Find out which cars, SUVs, and trucks made the final cut
On November 26, Motor Trend will announce the winners of its annual Of The Year competition. But for today, we’re letting slip the list of the top three podium finishers in each category.
For the 2019 awards, 20 cars, 26 SUVs, and four trucks competed for the Golden Calipers. Including variants, we rigorously tested 36 cars, 36 SUVs, and 11 trucks over a period of two months spent at testing facilities in the sun-blasted California and Arizona deserts.
In sorting contenders from pretenders, we arrived at the following top finalists:
2019 Car of the Year
Surprisingly sporty, strong value
The Genesis brand is only three years old, and it’s already producing cars that can compete with the best premium models from Germany and Japan.
“As a first attempt at a BMW 3 Series fighter, the G70 hits all the right notes,” international bureau chief Angus MacKenzie said. “Punchy powertrains with an agile chassis, sporty exterior styling with strong graphics, and a well-appointed interior.”
We were impressed with the G70’s mix of refinement and sport, especially when paired with the 3.3-liter twin-turbo V-6. “Find a straight road, and stomp on the gas,” associate online editor Michael Cantu urged.
An upscale leather interior with diamond stitching compares well against Mercedes and other rivals. Add a bargain price tag into the equation, and it’s clear the compact G70 holds a unique position in the luxury sport sedan category.
The Insight is now an upscale and reasonably spacious sedan. Opt for the new Insight, and you’ll enjoy superior handling and acceleration to the Prius. Although fuel economy is a touch less than its Toyota rival, the Insight still tops out at an impressive 55/49 mpg (4.3/4.8 L/100km) city/highway, according to the EPA.
Our judges also praised the Insight’s smooth Civic-derived chassis, crisp interior, and predictable brake feel. Acceleration is quick for a hybrid, with a 0–60 time of 7.7 seconds. Should you bore of driving on a long highway, its lane keeping assist technology is some of the industry’s best.
“It’s nice that there’s a mainstream hybrid out there that’s rewarding to drive,” features editor Christian Seabaugh noted. MacKenzie summed it up as “the best of the affordable hybrid field.”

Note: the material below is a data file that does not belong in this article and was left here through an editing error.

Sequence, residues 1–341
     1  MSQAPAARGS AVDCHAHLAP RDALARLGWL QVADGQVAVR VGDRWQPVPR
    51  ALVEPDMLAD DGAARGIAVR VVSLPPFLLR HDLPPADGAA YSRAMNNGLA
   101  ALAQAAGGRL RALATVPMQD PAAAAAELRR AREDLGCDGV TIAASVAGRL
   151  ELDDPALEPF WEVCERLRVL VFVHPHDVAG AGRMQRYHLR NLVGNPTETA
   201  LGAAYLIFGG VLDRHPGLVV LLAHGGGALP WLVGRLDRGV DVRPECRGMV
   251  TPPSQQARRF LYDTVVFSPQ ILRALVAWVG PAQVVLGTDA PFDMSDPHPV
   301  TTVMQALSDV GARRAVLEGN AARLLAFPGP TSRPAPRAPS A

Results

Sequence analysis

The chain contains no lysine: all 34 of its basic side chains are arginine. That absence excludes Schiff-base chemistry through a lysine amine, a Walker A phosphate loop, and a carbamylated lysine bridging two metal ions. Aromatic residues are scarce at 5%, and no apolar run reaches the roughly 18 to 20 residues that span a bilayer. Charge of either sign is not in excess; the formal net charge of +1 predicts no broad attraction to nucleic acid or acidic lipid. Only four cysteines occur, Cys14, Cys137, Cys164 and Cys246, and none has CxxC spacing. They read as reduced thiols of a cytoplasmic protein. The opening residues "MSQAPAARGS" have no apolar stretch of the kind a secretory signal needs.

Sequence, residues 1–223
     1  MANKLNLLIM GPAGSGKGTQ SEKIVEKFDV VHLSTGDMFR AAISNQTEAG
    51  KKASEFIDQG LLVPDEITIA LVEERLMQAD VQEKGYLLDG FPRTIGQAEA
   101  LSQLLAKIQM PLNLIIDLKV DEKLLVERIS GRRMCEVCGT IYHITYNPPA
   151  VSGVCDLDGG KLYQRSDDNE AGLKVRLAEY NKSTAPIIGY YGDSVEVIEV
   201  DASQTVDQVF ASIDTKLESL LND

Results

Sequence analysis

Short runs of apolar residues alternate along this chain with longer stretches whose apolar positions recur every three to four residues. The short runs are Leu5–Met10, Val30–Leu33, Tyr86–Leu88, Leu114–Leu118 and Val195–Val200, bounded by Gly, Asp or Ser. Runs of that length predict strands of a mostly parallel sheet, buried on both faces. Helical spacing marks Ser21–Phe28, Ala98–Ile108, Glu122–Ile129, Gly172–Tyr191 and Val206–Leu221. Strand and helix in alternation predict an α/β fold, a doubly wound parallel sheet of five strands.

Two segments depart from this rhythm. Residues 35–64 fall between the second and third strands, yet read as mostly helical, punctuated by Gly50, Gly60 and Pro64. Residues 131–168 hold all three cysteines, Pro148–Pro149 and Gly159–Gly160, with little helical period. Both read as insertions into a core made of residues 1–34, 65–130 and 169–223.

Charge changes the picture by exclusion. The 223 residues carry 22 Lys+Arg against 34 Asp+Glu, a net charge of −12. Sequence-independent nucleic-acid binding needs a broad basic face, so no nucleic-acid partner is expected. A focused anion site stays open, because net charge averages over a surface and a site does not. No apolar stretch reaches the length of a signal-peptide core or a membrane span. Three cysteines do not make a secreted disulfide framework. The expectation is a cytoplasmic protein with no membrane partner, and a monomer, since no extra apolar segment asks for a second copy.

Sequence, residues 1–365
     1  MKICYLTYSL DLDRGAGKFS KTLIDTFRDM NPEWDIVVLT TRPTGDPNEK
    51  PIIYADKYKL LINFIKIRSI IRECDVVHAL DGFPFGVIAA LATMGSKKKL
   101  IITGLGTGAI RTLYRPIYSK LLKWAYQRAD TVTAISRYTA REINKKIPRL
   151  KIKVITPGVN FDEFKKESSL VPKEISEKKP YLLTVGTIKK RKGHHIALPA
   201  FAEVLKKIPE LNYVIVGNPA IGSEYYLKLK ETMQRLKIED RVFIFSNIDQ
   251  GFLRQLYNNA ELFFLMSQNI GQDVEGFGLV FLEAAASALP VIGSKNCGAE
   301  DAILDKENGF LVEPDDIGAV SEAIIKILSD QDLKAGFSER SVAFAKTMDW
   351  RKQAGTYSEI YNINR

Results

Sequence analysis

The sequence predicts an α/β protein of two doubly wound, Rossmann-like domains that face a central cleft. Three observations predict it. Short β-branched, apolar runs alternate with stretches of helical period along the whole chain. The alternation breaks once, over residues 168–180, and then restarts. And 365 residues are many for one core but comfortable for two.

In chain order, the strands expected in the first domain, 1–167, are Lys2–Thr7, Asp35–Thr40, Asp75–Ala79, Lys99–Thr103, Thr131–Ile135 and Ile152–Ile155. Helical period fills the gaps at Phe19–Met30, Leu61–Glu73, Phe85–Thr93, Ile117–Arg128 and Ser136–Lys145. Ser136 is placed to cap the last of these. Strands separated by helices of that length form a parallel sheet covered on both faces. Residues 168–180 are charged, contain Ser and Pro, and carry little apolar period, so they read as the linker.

Volvo S60 and V60
Beautiful inside and out
The S60 sedan and V60 wagon exhibit some of the Volvo’s best traits, including elegant design. The judges weren’t shy about their admiration for the interiors, from its clean styling to the thunderous Bowers & Wilkins audio system. And the exterior lines of the V60 could prompt a resurrection of the wagon among American shoppers.
The models “set the benchmark for exterior and interior design in the compact luxury car segment,” MacKenzie declared. Added executive editor Mark Rechtin: “Nobody makes better seats than Volvo. It’s where you spend all your time. It’s where you should be the most comfortable, and Volvo nails it.”
Of course, to take a spot on the podium, the good qualities have to be more than skin deep. The models sit on the excellent Scalable Product Architecture. Further proving their well-rounded nature, the 60s feature a powerful base turbocharged four-cylinder, with upper trims adding a supercharger and hybrid power.
2019 SUV of the Year
Electric and eclectic
Vehicles that are ahead of their time tend to perform very well in our Of The Year evaluations. The Jaguar I-Pace is one such SUV, and not just because it’s electric. The model blends stunning exterior design, sports car handling and straight-line performance, and capable semi-autonomous driving aids.
Although the I-Pace is a rocket on the road, its adjustable air suspension gives it strong off-road capability. In addition to its surprising capabilities off the beaten path, we also praised the I-Pace’s quiet cabin and body control around corners. Powered by batteries alone, the Jaguar can claim a range of up to 234 miles (376 km) on a single charge.
And although nobody needs an electric vehicle that can drift in a sand pit, we’re sure glad the I-Pace can. “This is the best Jaguar I’ve ever driven,” Seabaugh said. “Tesla, you’d better wake up—the Europeans are coming.”
Improving an icon